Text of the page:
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Book Review: The Reason I Jump: The Inner Voice of a Thirteen-Year-Old Boy with Autism by Naoki Higashada

June 24, 2016 2 comments

Book Review: The Reason I Jump: The Inner Voice of a Thirteen-Year-Old Boy with Autism by Naoki HigashadaSummary:
Born in 1992 and diagnosed with Autism at the age of 5, Naoki uses an alphabet board to painstakingly write. In this book, he addresses answers to common questions neurotypicals have about people with Autism, such as “Why do you line up your toy cars and blocks?” and “Why don’t you make eye contact when you’re talking?” Mixed in with answers to these questions are short stories that Naoki has written, squashing the myth that those with Autism lack imagination.

Review:
I read this for Katie of Doing Dewey’s Nonfiction Book Club back in April, which was also Autism Awareness Month. I don’t often have the time to do group reads, but this book appealed to me and was short, would count for the Mental Illness Advocacy Reading Challenge I host, and I was able to get a digital copy from the Boston Public Library. I read this in one day in just my morning and evening commutes. It’s a short but mind-opening work.

For those who don’t know, Autism is a spectrum disorder. This basically means that Autism can severely or minorly impact how a person with it functions with the world (and everything in-between). Someone who is high functioning may mostly just strike others as a bit odd, whereas those most severely impacted are unable to communicate at all. You may read more about Autism here.

Naoki’s Autism is more severe. He is mostly unable to speak but he has learned how to communicate by pointing to an alphabet board with an assistant who writes down what he points at. Since Autism is so individualized, bare in mind when reading this book that his answers might not necessarily apply to everyone with Autism. That said, Naoki generally answers the questions with the word we, not I. My suspicion is this may be due to cultural reasons. Naoki is Japanese, which is generally a less individualized culture than our own. Additionally, his words have been filtered through a translator. It’s important, I believe, for a reader to keep all of these things in mind when reading this book.

This is a short book and an easy read, so I won’t say too much beyond the two biggest takeaways I had. First, I think in general people often wonder if people with Autism are similar to neurotypicals inside or are completely foreign. I think Naoki’s book smashes that question with a sledgehammer. It left me with the distinct impression that people with Autism are extremely similar to neurotypicals, but their signals from their bodies interfere with their ability to interact with the world. But Naoki puts this better than me.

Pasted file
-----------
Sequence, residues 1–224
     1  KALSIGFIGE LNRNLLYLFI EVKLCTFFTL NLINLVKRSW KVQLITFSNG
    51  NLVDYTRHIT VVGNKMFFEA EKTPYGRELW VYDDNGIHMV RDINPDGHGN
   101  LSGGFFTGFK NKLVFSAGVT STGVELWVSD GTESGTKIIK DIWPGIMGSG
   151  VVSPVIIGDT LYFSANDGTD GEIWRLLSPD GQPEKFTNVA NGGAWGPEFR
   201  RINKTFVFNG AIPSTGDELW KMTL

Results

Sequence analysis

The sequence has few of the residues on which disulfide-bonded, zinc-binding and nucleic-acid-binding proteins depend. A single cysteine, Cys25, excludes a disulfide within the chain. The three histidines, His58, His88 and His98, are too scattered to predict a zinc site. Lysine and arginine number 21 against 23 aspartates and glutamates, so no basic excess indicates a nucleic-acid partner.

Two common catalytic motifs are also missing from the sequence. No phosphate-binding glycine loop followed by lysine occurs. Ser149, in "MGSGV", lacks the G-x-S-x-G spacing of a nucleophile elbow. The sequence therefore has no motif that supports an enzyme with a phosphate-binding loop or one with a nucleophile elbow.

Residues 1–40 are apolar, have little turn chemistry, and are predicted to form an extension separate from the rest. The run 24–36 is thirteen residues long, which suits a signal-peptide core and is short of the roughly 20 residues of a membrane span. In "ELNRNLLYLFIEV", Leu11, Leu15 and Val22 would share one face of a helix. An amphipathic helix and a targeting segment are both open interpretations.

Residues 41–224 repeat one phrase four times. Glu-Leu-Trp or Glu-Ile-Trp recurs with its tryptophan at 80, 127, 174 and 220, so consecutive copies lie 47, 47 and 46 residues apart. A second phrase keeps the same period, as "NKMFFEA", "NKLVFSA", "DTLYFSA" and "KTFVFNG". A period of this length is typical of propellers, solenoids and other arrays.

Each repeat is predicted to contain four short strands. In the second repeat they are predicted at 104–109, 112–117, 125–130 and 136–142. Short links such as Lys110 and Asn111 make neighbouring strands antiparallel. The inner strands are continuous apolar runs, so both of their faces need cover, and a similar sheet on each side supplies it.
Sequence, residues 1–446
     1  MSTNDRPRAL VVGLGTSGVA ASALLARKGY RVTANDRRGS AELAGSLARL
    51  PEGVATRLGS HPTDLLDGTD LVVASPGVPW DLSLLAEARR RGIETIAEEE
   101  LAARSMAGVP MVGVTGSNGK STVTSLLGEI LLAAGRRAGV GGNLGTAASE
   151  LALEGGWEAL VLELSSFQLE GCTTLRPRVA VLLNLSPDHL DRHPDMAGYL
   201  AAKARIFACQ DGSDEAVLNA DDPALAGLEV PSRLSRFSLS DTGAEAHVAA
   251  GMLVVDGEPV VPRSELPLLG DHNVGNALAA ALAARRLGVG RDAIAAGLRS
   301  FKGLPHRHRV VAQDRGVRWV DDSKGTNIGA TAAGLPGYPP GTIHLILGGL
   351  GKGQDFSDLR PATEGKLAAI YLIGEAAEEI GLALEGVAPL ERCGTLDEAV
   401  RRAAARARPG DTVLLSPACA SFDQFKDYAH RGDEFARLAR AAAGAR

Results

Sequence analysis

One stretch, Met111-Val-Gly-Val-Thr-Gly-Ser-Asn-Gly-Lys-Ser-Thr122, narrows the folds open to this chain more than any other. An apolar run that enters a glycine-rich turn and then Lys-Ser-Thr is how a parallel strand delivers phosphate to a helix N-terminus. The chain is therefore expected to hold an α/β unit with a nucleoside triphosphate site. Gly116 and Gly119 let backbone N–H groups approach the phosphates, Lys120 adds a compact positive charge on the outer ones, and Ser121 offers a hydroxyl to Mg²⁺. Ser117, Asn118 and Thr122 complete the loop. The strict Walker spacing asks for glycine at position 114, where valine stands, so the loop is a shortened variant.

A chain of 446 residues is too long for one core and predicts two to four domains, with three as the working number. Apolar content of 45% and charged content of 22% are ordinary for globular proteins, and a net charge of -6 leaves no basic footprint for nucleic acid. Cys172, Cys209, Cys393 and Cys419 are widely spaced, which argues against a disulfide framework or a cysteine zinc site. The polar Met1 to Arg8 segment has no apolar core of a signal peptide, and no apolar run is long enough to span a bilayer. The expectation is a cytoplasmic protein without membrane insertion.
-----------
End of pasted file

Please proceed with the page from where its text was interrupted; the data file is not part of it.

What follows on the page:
It’s as if we’re remote-controlling a faulty robot. (page 16)

My second takeaway was that we should never make assumptions about anyone with Autism. The biggest example of this is that it is generally assumed people with Autism do not have an imagination. (I’ve even seen having an imagination being used as a way to rule out some people as having high functioning Autism). But Naoki, who very clearly has Autism, also very clearly has a bright imagination. His own short stories are inter-mixed throughout the book. They struck me as things any 13-year-old might write. That may sound simple, but that’s a big deal for a person who others might assume is “abnormal” for 13 with “no imagination.”

I do wish that the person interviewing Naoki had asked a wider variety of questions. Some of the questions can get a bit repetitive, and I wondered why they didn’t ask something deeper. Instead of continually asking things like why do you do this or why do you do that ask more about what he enjoys. What his hopes and dreams are. Does he think there’s a god. Things like that.

Overall, though, I highly recommend this book to anyone who is curious about what it’s like to have Autism, as well as to those who do or may come into contact with someone with Autism.

 

4 out of 5 stars

Source: Library

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Counts For:
Mental Illness Advocacy Reading Challenge